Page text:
Leadership and Culture

Seth Whitmer
4 min readSep 18, 2020

Critical attributes needed for a successful workplace

Several years ago, I heard about Professor, Kim Cameron, from the University of Michigan and how he taught the concept of positive leadership and its heliotropic effect. [1] He explained: “This refers to the tendency in all living systems toward positive energy [light] and away from negative energy [darkness]. From single-cell organisms to complex human systems, everything alive has an inherent inclination toward the positive and away from the negative.” [2] I was intrigued by this and thought about my own leadership style. I had read many studies that discussed how we create pathways in our brain when we focus on either the negative or the positive. The more we choose to focus on the negative, the more we program our brains to instantly go there. It takes effort to then reprogram our thought processes to instead focus on the positive.

When I first met my wife, I was impressed with her ability to assume the best in others. If someone cut us off on the road, my tendency was to honk the horn and say how irresponsible that driver is. However, my wife would hold a more compassionate view and say something like, “they must be rushing to the hospital for an emergency, so it’s ok I am sure they didn’t intend to be reckless.” Her ability to focus on the positive enabled her to always have a good day and prevented the actions of others from controlling her life.

Leaders need positivity if they want to be followed. Negativity leads to mistrust in a team and its eventual ruin. Positivity binds a team together. I will never forget during my graduate program; we were instructed to discuss with our groups how we viewed each other and to give feedback. It started out very negative, with people going around saying things that others needed to work on. When it came to my turn, it didn’t feel right to focus on the negative. So instead, I went through each person in our group, saying what I admired about them and what I felt they did really well. As I did this, I could visibly see the change in each person's appearance. Their faces lighted up, their countenances changed from a defensive posture to being more open. There was one particular member of our group that had a very strong personality that intimidated everyone else, as this person tended to be very critical toward others. Afterward, this individual expressed gratitude to me for how my words had affected him. That experience opened the door to being able to develop a positive relationship with him. I didn’t expect this response, but this has stuck with me since then as a lesson on how positivity can impact a team. As I have exercised this practice since I have always been rewarded with a positive impact.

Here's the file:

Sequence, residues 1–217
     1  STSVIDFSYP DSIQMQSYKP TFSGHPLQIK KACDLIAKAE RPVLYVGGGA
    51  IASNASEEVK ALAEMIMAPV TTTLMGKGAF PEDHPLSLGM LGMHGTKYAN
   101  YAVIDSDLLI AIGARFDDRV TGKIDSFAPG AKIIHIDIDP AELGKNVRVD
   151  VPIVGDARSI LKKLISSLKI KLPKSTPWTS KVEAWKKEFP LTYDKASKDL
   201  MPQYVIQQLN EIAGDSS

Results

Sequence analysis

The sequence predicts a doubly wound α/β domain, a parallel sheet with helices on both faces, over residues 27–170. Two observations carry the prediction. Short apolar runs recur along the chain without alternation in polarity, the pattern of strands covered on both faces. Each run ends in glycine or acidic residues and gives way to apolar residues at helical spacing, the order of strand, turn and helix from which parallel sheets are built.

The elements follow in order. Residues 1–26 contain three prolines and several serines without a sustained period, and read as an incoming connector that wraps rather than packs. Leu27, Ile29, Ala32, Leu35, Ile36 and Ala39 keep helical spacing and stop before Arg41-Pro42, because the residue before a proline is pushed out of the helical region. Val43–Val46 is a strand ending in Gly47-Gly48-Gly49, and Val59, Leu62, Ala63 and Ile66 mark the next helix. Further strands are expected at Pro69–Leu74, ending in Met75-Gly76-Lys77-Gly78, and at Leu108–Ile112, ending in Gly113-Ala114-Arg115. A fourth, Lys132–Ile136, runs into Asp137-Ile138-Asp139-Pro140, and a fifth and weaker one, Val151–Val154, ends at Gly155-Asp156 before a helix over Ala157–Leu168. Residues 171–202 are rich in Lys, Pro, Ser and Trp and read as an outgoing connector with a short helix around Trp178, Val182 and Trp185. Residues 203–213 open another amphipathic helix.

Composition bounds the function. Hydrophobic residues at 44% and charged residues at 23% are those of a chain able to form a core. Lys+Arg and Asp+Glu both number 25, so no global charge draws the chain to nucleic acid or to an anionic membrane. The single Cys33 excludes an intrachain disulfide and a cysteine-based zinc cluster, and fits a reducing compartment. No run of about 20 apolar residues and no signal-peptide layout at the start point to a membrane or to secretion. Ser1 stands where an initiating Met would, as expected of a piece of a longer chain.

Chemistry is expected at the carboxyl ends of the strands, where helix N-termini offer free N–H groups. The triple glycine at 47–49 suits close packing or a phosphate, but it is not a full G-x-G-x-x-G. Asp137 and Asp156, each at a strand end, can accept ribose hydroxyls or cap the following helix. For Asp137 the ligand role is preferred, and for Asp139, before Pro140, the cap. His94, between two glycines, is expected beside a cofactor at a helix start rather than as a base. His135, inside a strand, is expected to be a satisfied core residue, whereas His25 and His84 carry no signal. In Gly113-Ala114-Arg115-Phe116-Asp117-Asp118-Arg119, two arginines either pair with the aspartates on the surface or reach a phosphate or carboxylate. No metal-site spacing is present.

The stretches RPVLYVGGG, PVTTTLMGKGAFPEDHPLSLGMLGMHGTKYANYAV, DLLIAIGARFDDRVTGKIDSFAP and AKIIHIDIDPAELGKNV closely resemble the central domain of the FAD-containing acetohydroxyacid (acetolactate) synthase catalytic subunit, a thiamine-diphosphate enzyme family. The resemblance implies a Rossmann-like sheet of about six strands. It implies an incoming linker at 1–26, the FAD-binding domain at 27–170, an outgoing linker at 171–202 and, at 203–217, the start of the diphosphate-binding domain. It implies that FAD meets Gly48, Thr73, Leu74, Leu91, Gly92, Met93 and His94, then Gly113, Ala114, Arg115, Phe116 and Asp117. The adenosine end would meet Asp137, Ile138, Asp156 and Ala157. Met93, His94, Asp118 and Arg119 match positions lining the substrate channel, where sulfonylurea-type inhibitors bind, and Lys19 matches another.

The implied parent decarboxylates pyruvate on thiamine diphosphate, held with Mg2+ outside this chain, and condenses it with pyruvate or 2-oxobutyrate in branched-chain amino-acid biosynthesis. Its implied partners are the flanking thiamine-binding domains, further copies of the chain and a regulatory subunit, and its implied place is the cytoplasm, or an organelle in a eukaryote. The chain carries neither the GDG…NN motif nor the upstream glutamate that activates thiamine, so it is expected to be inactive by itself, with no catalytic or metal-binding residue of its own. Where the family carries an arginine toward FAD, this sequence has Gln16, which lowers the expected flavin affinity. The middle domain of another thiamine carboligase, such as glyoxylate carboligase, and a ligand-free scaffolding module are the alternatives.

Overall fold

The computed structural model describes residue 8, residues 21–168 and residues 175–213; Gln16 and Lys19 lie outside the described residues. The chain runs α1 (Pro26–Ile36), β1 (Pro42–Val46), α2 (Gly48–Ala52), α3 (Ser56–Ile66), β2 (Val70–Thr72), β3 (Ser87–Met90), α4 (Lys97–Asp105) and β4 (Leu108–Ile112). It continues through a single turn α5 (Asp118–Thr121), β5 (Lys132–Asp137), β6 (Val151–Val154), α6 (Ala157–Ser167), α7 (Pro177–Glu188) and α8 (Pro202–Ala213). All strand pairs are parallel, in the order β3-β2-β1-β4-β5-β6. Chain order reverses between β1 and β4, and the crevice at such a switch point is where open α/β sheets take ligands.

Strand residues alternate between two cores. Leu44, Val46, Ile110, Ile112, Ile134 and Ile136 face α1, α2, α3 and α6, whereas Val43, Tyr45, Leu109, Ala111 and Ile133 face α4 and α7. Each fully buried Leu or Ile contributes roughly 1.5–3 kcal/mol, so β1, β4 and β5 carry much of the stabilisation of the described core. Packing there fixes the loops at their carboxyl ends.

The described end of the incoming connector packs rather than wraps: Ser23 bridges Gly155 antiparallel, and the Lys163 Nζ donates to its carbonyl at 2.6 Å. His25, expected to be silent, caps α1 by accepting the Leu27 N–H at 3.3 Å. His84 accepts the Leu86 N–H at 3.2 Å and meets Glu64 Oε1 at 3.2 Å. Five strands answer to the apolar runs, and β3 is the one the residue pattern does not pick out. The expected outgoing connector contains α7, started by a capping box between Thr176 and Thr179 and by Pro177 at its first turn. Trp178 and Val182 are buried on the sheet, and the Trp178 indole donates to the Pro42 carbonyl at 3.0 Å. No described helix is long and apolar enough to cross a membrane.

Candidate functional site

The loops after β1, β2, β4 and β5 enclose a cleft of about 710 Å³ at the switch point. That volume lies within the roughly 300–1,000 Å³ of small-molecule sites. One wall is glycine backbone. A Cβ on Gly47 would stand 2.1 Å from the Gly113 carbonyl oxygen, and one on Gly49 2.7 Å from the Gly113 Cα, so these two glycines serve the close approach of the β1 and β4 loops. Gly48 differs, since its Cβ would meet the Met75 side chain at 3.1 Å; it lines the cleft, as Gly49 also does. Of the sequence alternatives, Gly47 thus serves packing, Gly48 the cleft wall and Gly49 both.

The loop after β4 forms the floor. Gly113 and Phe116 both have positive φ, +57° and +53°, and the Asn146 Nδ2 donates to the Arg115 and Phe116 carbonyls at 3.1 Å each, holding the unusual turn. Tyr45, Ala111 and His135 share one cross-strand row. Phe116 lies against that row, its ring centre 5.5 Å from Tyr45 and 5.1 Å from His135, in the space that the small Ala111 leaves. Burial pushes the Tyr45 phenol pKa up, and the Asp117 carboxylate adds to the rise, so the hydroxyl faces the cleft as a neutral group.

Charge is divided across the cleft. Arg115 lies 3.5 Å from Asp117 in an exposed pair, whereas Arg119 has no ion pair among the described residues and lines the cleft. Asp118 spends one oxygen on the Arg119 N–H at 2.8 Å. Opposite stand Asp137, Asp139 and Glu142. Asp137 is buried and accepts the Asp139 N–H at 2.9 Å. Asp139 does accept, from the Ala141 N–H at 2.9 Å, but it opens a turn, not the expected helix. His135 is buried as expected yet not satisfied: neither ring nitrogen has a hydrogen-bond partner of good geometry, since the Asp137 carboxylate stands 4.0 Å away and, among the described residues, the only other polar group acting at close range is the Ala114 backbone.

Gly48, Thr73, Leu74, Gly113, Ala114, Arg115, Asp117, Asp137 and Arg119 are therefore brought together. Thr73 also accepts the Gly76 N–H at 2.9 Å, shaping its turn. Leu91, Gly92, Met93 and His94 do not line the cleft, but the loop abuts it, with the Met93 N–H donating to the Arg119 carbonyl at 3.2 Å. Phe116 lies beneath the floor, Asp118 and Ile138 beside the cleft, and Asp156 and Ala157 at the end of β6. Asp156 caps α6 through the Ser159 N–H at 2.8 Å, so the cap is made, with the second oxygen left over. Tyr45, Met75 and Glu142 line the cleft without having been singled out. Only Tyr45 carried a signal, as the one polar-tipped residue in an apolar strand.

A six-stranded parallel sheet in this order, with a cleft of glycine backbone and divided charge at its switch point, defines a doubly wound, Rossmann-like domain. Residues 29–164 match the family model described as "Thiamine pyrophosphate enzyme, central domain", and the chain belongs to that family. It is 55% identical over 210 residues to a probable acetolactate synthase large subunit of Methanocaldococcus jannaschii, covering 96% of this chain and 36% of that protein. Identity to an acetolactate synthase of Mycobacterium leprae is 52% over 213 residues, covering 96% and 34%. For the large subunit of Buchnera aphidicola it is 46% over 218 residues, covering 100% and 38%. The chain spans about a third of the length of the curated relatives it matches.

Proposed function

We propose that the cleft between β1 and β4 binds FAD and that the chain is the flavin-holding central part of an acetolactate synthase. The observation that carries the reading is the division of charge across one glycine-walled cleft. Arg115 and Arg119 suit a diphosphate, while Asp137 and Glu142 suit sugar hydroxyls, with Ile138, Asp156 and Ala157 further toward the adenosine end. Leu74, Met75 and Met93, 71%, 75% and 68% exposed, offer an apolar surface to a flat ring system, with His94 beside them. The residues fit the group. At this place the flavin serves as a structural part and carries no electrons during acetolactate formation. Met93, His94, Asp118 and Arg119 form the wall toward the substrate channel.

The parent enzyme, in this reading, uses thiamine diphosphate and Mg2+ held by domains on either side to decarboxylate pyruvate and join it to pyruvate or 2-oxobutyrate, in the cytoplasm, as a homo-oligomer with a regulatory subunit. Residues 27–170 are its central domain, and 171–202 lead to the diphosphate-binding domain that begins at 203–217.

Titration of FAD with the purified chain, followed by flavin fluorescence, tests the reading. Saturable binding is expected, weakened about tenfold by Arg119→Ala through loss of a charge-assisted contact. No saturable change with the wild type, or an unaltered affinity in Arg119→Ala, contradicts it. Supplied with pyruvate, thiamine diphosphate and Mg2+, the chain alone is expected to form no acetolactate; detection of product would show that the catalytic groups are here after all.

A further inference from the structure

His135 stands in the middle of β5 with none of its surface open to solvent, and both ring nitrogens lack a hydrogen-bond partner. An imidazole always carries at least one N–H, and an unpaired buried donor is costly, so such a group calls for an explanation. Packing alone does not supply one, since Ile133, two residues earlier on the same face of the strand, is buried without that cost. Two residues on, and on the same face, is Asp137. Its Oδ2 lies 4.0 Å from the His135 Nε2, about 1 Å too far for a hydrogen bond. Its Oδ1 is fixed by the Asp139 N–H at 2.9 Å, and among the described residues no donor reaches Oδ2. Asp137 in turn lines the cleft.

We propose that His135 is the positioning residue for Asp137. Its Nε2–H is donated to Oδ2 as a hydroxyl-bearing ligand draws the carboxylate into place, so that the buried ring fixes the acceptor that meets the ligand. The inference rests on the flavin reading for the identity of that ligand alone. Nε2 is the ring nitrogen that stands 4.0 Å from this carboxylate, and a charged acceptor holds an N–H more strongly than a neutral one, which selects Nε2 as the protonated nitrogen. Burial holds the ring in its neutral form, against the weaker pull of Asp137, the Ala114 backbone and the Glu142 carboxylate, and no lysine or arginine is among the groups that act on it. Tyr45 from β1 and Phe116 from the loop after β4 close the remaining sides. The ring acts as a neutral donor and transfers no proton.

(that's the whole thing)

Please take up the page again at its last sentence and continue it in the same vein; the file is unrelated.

Professor Cameron also taught, in support of many studies, that focusing on three critical components: compassion, forgiveness, and gratitude led to a successful workplace. When I learned this, I realized that my own leadership style was lacking these critical attributes. I believed these attributes to be important personal ideals, but making them part of the culture of an organization and as a critical part of my leadership style was something I needed to improve.

I have found time and time again that as I focus on compassion, forgiveness, and gratitude, it leads others to do the same. As I have compassion for others, I am then able to forgive their mistakes and shortcomings, which makes it easier to express gratitude for their efforts. Likewise, they then feel a sense of gratitude towards me, which allows them to forgive me for my shortcomings and to have compassion for me. I have especially learned that when tensions are the highest when people are at their breaking point, the best thing we can do as a leader is exercise these attributes.

As leaders, the choices we make, the rules we choose to enforce or not enforce, and the expectations we place on our subordinates are what create the culture in our workplaces. This then has a trickle-down effect throughout the rest of the organization. As leaders, we create the culture. If we fail to focus on these critical attributes, what kind of workplace are we creating? Likely not one that is going to reinforce positivity.

One of the proudest moments in my career was when I was told, after having a third-party evaluation done on my performance, that my direct reports discussed these attributes as being key to my leadership style. As a leader, we have many expectations, much of which is determined by the culture we create within our organization. It all starts with us, or rather “me,” and how “I” choose to be, how “I” choose to think.

As living organisms, we all grow toward the light and shrivel and die in the darkness. The same is true with our workplaces. They will grow in light or positivity or die in darkness or negativity. The best way to inspire that light is through compassion, forgiveness, and gratitude.

[1] https://www.churchofjesuschrist.org/study/general-conference/2017/04/brighter-and-brighter-until-the-perfect-day?lang=eng

[2] Kim Cameron, Positive Leadership: Strategies for Extraordinary Performance, 2nd ed. (2012), xii; see also Kim S. Cameron, “Leading with Energy,” Wheatley Institution Fellow Notes, Feb. 17, 2017, wheatley.byu.edu.



Seth Whitmer

Hiram Seth Whitmer is a visionary leader and influencer with a passion for executing the complete turnaround of healthcare organizations